cessary. As soon as the news of the call for volunteers reached Galena [April 18], posters were stuck up calling for a meeting of the citized, and expressed, I understood afterwards, a little surprise that Galena could not furnish a presiding officer for such an occasion without upposed that one company would be as much as would be accepted from Galena. The company was raised and the officers and non-commissioned offieeting, to put up a package or do other business. The ladies of Galena were quite as patriotic as the men. They could not enlist, but they, I only became acquainted at the meeting when the first company of Galena volunteers was raised. Foulk I had known in St. Louis when I was aor two soon after this conversation with General Pope, I wrote from Galena the following letter to the Adjutant-General of the Army. GalenGalena, Illinois, May 24, 1861 Col. L. Thomas, Adjt. Gen. U. S. A., Washington, D. C. Sir: Having served for fifteen years in the regular army,
Ulysses S. Grant, Personal Memoirs of U. S. Grant, Appointed Colonel of the 21st Illinois-Personnel of the regiment-general Logan-March to Missouri-movement against Harris at Florida, Mo. --General Pope in command-stationed at Mexico, Mo. (search)
ls at a point [Monroe] on the Hannibal and St. Joe [St. Joseph] Railroad some miles west of Palmyra, in Missouri, and I was ordered to proceed with all dispatch to their relief. We took the cars and reached Quincy in a few hours. When I left Galena for the last time to take command of the 21st regiment I took with me my oldest son, Frederick D. Grant, then a lad of eleven years of age. On receiving the order to take rail for Quincy I wrote to Mrs. Grant, to relieve what I supposed would be letter in reply decidedly disapproving my proposition, and urging that the lad should be allowed to accompany me. It came too late. Fred was already on his way up the Mississippi bound for Dubuque, Iowa, from which place there was a railroad to Galena. My sensations as we approached what I supposed might be a field of battle were anything but agreeable. I had been in all the engagements in Mexico that it was possible for one person to be in; but not in command. If some one else had been
Ulysses S. Grant, Personal Memoirs of U. S. Grant, Commissioned Brigadier--General--command at Ironton, Mo.-Jefferson City-Cape Girardeau- General Prentiss-Seizure of Paducah-headquarters at Cairo (search)
iment I had been commanding, and so selected Lieutenant C. B. Lagow. While living in St. Louis, I had had a desk in the law office of McClellan, Moody and [William S.] Hillyer. Difference in views between the members of the firm on the questions of the day, and general hard times in the border cities, had broken up this firm. Hillyer was quite a young man, then in his twenties, and very brilliant. I asked him to accept a place on my staff. I also wanted to take one man from my new home, Galena. The canvass in the Presidential campaign the fall before had brought out a young lawyer by the name of John A. Rawlins, who proved himself one of the ablest speakers in the State. He was also a candidate for elector on the Douglas ticket. When Sumter was fired upon and the integrity of the Union threatened, there was no man more ready to serve his country than he. I wrote at once asking him to accept the position of assistant adjutant-general with the rank of captain, on my staff. He wa
Abraham Lincoln, Stephen A. Douglas, Debates of Lincoln and Douglas: Carefully Prepared by the Reporters of Each Party at the times of their Delivery., Second joint debate, at Freeport, August 27, 1858. (search)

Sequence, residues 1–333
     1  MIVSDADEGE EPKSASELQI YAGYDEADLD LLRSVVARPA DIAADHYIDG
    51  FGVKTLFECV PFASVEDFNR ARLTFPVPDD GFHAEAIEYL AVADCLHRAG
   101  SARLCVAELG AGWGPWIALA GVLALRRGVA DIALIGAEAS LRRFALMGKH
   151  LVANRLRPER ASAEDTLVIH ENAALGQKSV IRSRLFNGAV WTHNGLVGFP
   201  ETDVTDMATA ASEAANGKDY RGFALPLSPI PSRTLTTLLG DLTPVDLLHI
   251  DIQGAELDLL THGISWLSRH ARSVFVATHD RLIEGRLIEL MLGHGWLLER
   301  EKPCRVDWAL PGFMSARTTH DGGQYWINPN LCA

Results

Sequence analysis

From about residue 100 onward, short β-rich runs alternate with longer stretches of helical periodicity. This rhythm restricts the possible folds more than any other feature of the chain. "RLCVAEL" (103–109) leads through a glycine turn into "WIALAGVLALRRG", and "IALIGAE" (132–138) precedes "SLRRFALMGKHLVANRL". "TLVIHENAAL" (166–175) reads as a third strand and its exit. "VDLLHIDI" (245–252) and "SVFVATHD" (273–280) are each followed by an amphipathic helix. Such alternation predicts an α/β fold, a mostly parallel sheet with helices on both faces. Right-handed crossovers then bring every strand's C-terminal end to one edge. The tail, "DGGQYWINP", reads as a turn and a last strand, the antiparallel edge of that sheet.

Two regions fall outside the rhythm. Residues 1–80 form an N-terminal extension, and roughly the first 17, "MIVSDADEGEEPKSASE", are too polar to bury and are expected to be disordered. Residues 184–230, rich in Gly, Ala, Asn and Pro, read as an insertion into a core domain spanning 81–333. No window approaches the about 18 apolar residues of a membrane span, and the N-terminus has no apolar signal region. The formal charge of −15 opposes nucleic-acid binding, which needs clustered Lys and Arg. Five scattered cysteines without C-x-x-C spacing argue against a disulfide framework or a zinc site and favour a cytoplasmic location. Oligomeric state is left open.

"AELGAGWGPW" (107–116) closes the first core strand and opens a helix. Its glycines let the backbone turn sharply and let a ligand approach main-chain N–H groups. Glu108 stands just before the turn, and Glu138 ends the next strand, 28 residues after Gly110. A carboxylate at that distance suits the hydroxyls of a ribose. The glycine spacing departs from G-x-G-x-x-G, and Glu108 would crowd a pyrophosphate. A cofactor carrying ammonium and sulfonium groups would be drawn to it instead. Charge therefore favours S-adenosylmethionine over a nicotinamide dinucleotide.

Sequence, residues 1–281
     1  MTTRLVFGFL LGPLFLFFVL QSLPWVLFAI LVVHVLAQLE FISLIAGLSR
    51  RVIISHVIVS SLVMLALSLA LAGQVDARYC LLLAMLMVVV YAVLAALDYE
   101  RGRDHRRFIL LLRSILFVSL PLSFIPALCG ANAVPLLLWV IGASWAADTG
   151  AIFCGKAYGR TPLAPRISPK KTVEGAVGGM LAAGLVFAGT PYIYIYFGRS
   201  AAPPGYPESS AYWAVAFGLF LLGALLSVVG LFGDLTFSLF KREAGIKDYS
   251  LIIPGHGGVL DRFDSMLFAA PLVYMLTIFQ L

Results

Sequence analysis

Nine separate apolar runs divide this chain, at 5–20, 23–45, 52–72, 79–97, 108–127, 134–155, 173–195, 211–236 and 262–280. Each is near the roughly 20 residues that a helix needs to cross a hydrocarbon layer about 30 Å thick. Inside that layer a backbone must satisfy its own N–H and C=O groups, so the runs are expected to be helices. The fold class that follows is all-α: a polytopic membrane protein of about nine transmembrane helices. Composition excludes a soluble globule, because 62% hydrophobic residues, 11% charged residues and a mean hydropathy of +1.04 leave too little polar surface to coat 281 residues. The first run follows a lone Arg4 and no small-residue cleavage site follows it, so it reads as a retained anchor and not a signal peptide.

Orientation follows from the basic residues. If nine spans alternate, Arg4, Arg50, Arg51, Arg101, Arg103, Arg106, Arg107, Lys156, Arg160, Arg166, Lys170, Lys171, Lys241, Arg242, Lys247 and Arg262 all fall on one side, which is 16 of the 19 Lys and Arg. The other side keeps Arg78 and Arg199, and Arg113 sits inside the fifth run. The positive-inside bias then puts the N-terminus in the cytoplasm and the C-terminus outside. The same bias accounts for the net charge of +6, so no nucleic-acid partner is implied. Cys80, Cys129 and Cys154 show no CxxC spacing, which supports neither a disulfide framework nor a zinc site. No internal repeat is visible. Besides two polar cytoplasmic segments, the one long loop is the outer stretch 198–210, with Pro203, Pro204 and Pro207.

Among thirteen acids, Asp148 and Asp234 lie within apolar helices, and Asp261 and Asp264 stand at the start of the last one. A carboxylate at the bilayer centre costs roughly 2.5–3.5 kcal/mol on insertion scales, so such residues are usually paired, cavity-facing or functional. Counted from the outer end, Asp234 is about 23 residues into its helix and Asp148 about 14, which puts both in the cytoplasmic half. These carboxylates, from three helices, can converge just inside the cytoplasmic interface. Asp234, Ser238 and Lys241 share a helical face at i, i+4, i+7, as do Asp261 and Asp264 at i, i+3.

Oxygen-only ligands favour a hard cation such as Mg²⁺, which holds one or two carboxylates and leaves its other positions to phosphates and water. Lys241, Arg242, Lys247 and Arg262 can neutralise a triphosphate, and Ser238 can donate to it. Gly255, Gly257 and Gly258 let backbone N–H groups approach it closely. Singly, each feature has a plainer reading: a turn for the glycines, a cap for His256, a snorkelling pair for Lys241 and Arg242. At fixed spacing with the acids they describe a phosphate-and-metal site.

the object expressed in the above resolutions to unite with us in carrying them into effect. Well, you think that is a very good platform, do you not? If you do, if you approve it now, and think it is all right, you will not, join with those men who say that I libel you by calling these your principles, will you? Now, Mr. Lincoln complains; Mr. Lincoln charges that I did you and him injustice by saying that this was the platform of your party. I am told that Washburne made a speech in Galena last night, in which he abused me awfully for bringing to light this platform, on which be was elected to Congress. He thought that you had forgotten it, as he and Mr. Lincoln desires to. He did not deny but that you had adopted it, and that be had subscribed to and was pledged by it, but he did not think it was fair to call it up and remind the people that it was their platform. But I am glad to find that you are more honest in your abolitionism than your leaders, by avowing that it is
riably evinced by the men notwithstanding the revolting feelings that sometimes came over them before they became accustomed to receiving and cooking their own rations, and doing the police duty necessary in camp. As fast therefore as the troops were recruited at different points, they were hurried to Cairo. There they were mustered in regiments ready for organization into brigades. The 18th, 27th, 30th, and 31st-and later the 25th Infantry Volunteers, known as the Lead Mine Regiment from Galena-Swartz's and Taylor's Batteries, and some cavalry were to compose the First Brigade. Very few of the men or officers of these regiments knew anything whatever of the art of war, except a man here and there who had served in the Mexican War. For the most part they were young men just entering manhood, who had never been away from their homes for any length of time, many of them never having been out of the State. They knew nothing of the hardships that awaited them or the full meaning of
the army in the field by the . people at home. General Logan was wanted to help win victories for the party in the local elections, which were in great doubt because of the effect of the issuance of the Emancipation Proclamation. As soon, therefore, as General Logan could get in shape the complex affairs existing after the bitter contest for possession of the Gibraltar of the Mississippi, he caused the appointment of General John Maltby, of the 45th Illinois Infantry Regiment from Galena, Illinois, as commander of the post at Vicksburg. As the city was under martial law, General Maltby would have the assistance of a competent provost marshal, and, being himself a brave and discreet man, General Logan felt that the people would soon be glad that they were once more under the protection of the Stars and Stripes. With his staff General Logan embarked upon the Mississippi River steamboat, and after a tedious journey reached home for a brief leave of absence. Southern Illinois havi